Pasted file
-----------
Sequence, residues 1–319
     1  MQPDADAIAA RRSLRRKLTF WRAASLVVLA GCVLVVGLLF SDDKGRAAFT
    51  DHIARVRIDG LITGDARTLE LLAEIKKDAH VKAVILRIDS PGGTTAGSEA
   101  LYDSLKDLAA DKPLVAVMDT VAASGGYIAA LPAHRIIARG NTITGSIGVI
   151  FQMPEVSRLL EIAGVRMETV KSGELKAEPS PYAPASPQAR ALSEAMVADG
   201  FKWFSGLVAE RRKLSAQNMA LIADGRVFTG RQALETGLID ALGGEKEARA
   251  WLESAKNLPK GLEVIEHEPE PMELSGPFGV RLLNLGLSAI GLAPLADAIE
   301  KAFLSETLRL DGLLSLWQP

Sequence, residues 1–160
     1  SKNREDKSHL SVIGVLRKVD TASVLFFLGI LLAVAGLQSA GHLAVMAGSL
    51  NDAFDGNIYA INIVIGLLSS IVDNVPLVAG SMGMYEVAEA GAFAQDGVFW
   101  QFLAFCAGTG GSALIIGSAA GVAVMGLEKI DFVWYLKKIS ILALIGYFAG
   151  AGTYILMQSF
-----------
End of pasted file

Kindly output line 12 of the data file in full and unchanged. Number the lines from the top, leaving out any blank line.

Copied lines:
   101  QFLAFCAGTG GSALIIGSAA GVAVMGLEKI DFVWYLKKIS ILALIGYFAG